first_imgShare Share via TwitterShare via FacebookShare via LinkedInShare via E-mail Approximately 3,500 cyclists, support staff and fans will converge June 19 at the University of Colorado at Boulder to begin the 431-mile Ride The Rockies bicycle tour. Registration, seminars, food and entertainment will be available on campus from 9:30 a.m. until 9 p.m. Organizers expect about 850 tour participants to camp in designated areas on campus June 19. All Ride The Rockies events, except for the bicycle tour and camping, are open to the public. The bicycle tour begins June 20 with opening ceremonies at 7 a.m. in campus lot 430, across from the Coors Events Center on Regent Drive. Motorists can expect very brief traffic stops as the initial group of 400-500 cyclists leaves Boulder around 7:30 a.m. From Regent Drive and Colorado Avenue, the riders will move west with a police escort to Folsom Street, north to Jay Road, east to U.S. 36 and north out of town, eventually turning west at Left Hand Canyon. A total of 2,000 riders will spend six days pedaling from Boulder to Estes Park, then Steamboat Springs and will finish in Idaho Springs on June 25. Created by The Denver Post in 1986, Ride The Rockies is a noncompetitive event that annually attracts riders ages eight to 82 from all over the United States and as many as 18 foreign countries. Organizers receive twice as many rider applications as there are spots available, so participants are selected by lottery drawing. Winners were notified in March. Different routes through Colorado are chosen each year. This year’s event is only the second time there has been an overnight tour stop in Boulder. “We are very excited to be visiting CU and Boulder again this year,” said tour director Paul Balaguer. “We look forward to another great experience for all the cyclists and our hosts.” Host communities provide inexpensive community meals, entertainment and lodging. In the past, riders have spent an average of $175,000 per day in each community along the tour. Organizers said Ride The Rockies annually generates more than $1.5 million in tourism business for the state. The tour also attracts extensive local and some national media coverage. CU-Boulder’s Community Relations Office and the Boulder Convention and Visitor Bureau have joined forces to coordinate the 2004 tour start in Boulder. On June 19, University Memorial Center Catering will provide lunch on Observatory Field from 11 a.m. to 3 p.m., and dinner on the lawn outside of the University Club from 4 p.m. to 9 p.m. Breakfast the next morning will be served at Observatory Field from 5 a.m. to 8:30 a.m. A variety of low-cost items will be available at all the meals. Room 100 of the Mathematics Building, located just south of the intersection of Colorado and Folsom, will host a number of seminars and guest speakers June 19. Dr. Deb St. Phard of the CU Health Sciences Center and University Sports Medicine in Denver and Bob Cranny of Wardenburg Student Health Center will make presentations at 1 p.m. and 2 p.m., respectively. At 4:30 p.m., Olympic cycling medalist and U.S. National Champion Ron Kiefel will speak along with Dr. Andrew Pruitt, director of the Boulder Center for Sports Medicine. CU-Boulder Vice Chancellor Paul Tabolt and Boulder Mayor Will Toor will offer remarks at the 7 a.m. opening ceremony on June 20 just before cyclists take to the road. Cyclists will have the option of parking their cars in campus lot 436, north of the Regent Drive Autopark, for the duration of the tour at a cost of $15. Proceeds from Ride The Rockies benefit Post-News Charities. CU-Boulder’s ArtsBridge program, which sends outstanding CU-Boulder arts students to metro area school districts to help teach art classes, was awarded $5,000 by the Post-News Community grant group. Since 2001, the grant group has awarded funds to nonprofit agencies based in Ride The Rockies host communities that serve children and promote literacy. For more information about Ride The Rockies, call the tour office at (303) 820-1338, or CU-Boulder Community Relations at (303) 492-8384, or visit http://www.ridetherockies.com/. Published: June 13, 2004 last_img read more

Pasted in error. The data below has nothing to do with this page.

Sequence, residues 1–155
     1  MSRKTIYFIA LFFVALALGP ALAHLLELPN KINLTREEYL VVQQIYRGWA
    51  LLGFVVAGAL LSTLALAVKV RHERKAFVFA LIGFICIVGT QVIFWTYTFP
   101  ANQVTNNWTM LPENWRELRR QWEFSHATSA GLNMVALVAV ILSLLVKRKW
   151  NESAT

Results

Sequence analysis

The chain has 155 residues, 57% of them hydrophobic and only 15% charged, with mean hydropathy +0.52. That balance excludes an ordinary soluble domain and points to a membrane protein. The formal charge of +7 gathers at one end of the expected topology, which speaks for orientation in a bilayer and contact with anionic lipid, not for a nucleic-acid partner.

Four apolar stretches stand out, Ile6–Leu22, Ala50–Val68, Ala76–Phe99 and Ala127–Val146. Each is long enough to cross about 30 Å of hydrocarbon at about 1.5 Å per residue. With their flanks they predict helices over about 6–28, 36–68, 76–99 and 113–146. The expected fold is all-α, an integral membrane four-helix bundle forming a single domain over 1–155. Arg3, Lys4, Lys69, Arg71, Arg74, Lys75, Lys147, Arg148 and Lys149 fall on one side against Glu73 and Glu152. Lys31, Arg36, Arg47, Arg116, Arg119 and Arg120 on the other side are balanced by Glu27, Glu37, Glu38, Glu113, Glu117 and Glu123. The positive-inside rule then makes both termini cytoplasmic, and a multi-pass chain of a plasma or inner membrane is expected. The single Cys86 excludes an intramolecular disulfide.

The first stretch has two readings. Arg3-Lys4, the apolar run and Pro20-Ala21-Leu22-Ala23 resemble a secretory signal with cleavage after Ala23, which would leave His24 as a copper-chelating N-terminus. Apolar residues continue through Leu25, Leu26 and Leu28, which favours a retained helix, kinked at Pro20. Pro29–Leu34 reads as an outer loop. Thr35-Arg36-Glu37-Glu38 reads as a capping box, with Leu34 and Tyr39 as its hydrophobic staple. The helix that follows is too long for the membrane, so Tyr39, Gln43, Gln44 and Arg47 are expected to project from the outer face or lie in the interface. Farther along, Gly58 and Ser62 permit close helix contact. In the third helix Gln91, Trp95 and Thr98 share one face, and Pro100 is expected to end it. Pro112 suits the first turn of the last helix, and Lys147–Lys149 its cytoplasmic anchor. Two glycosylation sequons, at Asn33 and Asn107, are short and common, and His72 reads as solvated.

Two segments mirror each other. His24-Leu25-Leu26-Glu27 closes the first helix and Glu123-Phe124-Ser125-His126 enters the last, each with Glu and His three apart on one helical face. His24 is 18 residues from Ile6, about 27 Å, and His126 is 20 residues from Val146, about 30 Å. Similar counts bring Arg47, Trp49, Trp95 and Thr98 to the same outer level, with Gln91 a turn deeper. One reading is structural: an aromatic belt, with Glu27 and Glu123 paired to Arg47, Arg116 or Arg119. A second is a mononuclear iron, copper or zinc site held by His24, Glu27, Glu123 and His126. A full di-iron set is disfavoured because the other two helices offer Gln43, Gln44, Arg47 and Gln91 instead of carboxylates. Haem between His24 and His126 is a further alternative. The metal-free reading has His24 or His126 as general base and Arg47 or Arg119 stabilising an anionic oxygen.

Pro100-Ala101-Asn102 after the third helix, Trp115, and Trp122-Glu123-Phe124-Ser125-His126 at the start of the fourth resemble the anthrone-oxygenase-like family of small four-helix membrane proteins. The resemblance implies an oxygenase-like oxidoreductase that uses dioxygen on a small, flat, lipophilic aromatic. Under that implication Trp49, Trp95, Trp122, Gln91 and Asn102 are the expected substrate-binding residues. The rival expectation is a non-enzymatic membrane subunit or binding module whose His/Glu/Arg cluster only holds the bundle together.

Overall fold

CU Boulder scholars ranked among most influential in bringing educational ideas to the public